Banning imports of generic agrochemicals would put Peru's agriculture in danger

If the direct importation of generic agrochemicals is prohibited, Peruvian agriculture in general would lose competitiveness and paralyze its development, as these products represent an important percentage in the cost structure, said the Association of Agricultural Producers' Associations of Peru (AGAP).

The union noted that agrochemical trading houses have requested the Constitutional Court to declare the article 3 of Law No. 30190 (issued in April 2014) -which allows the direct importation of generic agrochemicals (not subject to patents) at prices International - unconstitutional, claiming that it contravenes the Andean Standard for the Registration and Control of Chemical Pesticides for Agricultural Use (Decision 436), however, AGAP indicated that the regulation of the Andean Community had been repealed.

"What commercial agrochemicals want is to return to oligopoly conditions where these companies controlled the importation of agrochemicals in Peru and established prices well above the market," said Carlos Zamorano Macchiavello, the general manager of the Peruvian Association of Producers of Table Grape (Provid) and executive director of the Peruvian Institute of Asparagus and Vegetables (IPEH).

He said that with the law, agrochemicals represent 14% of the cost structure of production, and that if the law were to be eliminated, there would be an immediate 23% increase in the cost of production, which would affect competitiveness and the possibility of entering the most diverse markets in the world.

As an example, he said that in 2011 a generic pesticide such as Buprofezpin, was marketed in Peru by agrochemical companies at US $ 31.75, when the international price amounted to US $ 6.00 (in 2018 it amounted to US $ 7.37). This also happened with Acetamiprid, which in 2011 was marketed by the agrochemical laboratories at US $ 158.73, while in the international market it was valued at US $ 13.10 (in 2018 its price was US $10.48).

Free competition regulates prices
The general manager of the Association of Producers of Citrus of Peru (ProCitrus), Sergio del Castillo Valderrama spoke about the difference in prices of the pesticides that were marketed in Peru when compared with the rest of the countries of the region until 2014.

"Before Peru enacted Law No. 30190, the prices of agrochemical products were up to 2.7 times higher than in other countries such as Ecuador, Chile, and Bolivia. This law generated free competition, which caused the market to regulate itself and prices to decrease," he said.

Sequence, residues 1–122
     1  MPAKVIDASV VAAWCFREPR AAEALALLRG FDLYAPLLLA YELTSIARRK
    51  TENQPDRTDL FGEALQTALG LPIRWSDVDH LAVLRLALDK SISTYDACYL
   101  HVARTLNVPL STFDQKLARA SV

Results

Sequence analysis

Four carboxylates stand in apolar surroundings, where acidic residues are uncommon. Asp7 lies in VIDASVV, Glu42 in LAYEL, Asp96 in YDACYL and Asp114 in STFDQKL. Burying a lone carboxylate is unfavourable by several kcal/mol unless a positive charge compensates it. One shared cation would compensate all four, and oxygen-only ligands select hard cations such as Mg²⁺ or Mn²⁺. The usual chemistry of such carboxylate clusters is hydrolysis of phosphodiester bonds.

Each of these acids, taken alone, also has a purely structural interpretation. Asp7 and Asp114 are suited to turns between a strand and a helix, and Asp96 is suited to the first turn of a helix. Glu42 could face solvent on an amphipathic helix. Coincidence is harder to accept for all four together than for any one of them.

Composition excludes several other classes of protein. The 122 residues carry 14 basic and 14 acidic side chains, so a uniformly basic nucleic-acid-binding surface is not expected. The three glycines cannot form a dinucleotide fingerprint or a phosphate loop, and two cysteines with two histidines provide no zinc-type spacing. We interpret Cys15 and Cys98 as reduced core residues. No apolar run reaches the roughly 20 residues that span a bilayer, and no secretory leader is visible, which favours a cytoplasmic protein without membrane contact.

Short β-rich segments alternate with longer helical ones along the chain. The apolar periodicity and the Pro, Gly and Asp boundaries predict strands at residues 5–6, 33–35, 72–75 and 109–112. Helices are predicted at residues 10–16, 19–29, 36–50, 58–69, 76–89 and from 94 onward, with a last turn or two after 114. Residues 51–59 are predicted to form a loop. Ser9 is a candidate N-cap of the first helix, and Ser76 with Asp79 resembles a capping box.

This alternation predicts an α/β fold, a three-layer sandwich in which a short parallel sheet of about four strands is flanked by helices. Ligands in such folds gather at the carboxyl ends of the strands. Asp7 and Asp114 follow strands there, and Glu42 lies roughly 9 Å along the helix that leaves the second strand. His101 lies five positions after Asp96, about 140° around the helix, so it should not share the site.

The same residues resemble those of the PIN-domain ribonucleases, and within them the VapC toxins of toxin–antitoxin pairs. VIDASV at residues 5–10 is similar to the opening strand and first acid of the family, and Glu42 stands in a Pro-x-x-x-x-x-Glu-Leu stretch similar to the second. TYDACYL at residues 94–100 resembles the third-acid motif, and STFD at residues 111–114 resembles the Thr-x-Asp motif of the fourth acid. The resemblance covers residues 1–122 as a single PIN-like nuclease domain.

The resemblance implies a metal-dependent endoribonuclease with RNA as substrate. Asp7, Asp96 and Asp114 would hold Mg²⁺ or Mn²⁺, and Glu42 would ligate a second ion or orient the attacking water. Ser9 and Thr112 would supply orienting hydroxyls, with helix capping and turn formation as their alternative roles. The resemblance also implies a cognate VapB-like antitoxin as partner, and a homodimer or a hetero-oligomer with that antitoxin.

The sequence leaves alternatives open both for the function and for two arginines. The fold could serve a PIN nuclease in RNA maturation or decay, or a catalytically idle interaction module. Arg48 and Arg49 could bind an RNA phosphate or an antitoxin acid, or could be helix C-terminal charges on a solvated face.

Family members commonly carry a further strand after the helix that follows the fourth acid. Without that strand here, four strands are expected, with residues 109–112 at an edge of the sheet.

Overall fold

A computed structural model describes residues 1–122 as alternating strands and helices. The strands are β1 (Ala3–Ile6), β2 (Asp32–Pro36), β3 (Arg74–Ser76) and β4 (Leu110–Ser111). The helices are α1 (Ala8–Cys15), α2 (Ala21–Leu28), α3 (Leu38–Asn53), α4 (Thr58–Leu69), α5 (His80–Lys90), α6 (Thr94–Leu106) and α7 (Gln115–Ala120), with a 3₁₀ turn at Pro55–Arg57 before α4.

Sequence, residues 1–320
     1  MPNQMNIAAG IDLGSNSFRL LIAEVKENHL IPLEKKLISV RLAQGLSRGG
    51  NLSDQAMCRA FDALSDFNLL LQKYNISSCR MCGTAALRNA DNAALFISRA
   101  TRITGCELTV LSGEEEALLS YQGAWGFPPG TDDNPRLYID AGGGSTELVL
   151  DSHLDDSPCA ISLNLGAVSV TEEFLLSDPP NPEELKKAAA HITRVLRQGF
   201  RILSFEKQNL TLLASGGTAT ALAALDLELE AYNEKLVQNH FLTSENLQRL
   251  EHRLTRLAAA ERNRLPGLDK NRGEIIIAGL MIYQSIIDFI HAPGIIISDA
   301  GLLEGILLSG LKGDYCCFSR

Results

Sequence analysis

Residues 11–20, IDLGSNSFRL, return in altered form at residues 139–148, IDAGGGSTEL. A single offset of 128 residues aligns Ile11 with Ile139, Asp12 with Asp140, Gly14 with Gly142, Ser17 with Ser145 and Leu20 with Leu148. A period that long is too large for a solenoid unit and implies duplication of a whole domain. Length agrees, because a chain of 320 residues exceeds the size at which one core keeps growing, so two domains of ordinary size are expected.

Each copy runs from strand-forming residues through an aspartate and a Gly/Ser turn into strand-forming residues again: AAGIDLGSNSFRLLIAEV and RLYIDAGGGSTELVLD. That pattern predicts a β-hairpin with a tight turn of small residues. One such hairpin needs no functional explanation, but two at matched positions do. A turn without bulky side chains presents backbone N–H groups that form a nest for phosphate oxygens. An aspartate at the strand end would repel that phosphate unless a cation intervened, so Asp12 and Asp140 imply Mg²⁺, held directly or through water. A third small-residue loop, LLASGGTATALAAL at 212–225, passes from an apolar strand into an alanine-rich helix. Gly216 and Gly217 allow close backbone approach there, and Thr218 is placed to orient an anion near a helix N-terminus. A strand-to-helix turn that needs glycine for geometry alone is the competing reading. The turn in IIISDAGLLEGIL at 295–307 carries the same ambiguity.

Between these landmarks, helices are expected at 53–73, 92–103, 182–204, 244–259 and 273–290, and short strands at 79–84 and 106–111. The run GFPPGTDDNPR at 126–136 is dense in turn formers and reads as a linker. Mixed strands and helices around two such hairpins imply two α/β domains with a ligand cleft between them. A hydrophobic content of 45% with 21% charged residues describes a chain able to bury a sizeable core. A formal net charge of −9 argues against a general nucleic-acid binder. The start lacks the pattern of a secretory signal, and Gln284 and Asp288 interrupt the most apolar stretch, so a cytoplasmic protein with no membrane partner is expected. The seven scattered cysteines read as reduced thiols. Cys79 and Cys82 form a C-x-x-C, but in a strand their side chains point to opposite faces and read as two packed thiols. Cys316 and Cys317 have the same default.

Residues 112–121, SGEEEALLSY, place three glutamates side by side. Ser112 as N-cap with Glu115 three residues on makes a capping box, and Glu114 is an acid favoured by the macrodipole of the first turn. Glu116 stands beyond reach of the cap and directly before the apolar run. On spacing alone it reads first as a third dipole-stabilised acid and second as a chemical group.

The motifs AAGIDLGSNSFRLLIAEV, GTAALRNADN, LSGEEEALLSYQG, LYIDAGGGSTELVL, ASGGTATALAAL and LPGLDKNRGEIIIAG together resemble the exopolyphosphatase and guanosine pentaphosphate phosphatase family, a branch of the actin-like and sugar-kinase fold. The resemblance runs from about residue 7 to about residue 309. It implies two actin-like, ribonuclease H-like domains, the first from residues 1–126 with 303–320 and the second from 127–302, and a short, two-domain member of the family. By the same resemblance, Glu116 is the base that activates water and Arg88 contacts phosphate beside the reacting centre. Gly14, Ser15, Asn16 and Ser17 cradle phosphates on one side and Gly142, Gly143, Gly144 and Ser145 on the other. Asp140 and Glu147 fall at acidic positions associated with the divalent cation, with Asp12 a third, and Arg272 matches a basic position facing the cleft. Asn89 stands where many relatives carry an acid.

Sergio Del Castillo stressed that agrochemicals are the second item of higher cost in the price structure, being exceeded only by the cost of labor.

He added that the arguments used by the trading houses to indicate that Law No. 30190 is unconstitutional had no basis because the use of generic agrochemicals posed no risk to health and the environment, as they are even more regulated than the products marketed by the commercial laboratories.

He also said that once the agrochemical trading houses register, they freely import their products and conduct no controls of the products sold. Meanwhile, each batch of generic agrochemicals that are imported directly by the companies or associations are analyzed (What is being imported? Why is it being imported? What dose will be used? Where will the product be stored? Importers must have an order to take the product out of Customs, and their used is verified in the field). In addition, producers must also collect the containers that had the agrochemicals, triple wash them, drill them, and destroy them.

Agricultural exporters are required to have certifications on good use of agrochemicals
The general manager of the Hass Avocado Producers Association of Peru (ProHass), Arturo Medina Castro, stressed that agricultural export companies are subject to the standards of the destination markets and customers, which take into consideration the good use of agrochemicals, respect for maximum residue limits, degradation curve, and final disposal of packaging, among other issues.

"Agricultural exporters have many certifications on the good use of pesticides and that's because importers demand it. So they use the products well and make sure they don't have problems with residues when they reach the market. This means we pay a lot of attention to the quality of the agrochemicals that we import," he said.


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